South Korea court orders US$177,000 compensation to victims of 2014 Sewol ferry disaster
It was the first time the court acknowledged the state’s liability for one of the nation’s worst maritime disasters
A South Korean court ruled on Thursday that the government and the operator of the Sewol ferry, which sank in 2014 killing 304 people mostly school children, must compensate the victims’ families.
The ferry was structurally unsound, overloaded and travelling too fast on a turn when it capsized off the southwest coast on April 16, 2014, South Korean investigators said, placing the nation in deep grief for months.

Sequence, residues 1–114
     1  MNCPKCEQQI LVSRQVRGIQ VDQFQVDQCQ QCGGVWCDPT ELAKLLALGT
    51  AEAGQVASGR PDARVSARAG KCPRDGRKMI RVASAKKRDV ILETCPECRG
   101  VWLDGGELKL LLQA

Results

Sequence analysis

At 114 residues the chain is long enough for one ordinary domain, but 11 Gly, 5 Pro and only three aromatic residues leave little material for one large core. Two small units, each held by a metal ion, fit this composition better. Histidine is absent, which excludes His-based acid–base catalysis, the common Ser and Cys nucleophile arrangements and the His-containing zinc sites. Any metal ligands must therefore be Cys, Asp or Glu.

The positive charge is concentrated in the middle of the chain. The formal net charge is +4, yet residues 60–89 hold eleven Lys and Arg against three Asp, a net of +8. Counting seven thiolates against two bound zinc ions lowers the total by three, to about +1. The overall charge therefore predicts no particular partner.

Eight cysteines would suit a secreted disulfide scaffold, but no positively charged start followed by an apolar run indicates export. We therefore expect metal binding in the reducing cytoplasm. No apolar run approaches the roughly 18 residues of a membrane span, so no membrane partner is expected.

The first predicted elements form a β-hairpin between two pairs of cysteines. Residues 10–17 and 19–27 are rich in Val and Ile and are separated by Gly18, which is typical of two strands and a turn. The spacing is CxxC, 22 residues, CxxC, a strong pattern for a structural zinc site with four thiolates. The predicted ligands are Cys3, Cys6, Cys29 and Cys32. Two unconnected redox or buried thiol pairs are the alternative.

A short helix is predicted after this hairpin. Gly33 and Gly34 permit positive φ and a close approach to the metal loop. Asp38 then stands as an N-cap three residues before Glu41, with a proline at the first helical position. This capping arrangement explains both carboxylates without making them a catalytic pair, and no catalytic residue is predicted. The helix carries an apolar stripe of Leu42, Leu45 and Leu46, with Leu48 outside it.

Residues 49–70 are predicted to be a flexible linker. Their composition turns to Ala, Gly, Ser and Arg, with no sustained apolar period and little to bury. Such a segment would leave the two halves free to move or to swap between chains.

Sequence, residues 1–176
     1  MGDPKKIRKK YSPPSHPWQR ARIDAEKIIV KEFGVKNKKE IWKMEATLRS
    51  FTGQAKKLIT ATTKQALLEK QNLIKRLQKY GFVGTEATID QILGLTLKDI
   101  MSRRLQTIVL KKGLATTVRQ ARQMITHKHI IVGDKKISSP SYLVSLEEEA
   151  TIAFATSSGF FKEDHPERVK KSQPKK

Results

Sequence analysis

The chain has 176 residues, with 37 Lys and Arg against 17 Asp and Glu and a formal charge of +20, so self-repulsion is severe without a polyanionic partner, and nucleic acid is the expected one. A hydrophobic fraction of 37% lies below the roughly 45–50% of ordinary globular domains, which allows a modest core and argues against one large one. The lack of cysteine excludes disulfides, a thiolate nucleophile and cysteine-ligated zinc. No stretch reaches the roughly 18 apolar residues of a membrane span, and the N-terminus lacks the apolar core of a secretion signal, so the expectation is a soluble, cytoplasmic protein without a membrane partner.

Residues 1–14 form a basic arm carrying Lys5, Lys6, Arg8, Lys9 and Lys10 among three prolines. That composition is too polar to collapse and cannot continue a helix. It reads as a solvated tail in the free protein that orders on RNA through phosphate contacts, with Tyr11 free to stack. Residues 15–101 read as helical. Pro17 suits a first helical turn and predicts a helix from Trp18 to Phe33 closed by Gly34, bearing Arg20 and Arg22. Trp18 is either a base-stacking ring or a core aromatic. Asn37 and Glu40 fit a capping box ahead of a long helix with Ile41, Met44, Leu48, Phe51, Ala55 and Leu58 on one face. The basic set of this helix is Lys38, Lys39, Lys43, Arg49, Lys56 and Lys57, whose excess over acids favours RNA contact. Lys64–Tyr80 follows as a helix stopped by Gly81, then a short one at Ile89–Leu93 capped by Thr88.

A group of 354 members of the bereaved families of 118 students filed a lawsuit in 2015 against the government and the ferry operator, Chonghaejin Marine.
The Seoul Central District Court ordered each family be provided 200 million won (US$177,000) per victim, and additional compensation of between 5 million won and 80 million won per family member.
It was the first time the court acknowledged the state’s liability for the disaster.
Chonghaejin Marine overloaded the Sewol and its crew abandoned the stricken ferry after instructing passengers to remain in their cabins, a court document said.
The Coast Guard also failed for its part to maintain control over the ship, the document said.
“The victims died while waiting for rescue within the ship, without knowing about the detailed situation,” said Judge Lee Sang-hyun in the document.
“But after more than four years until now, the dispute is still ongoing over who is responsible for the sinking and compensation.”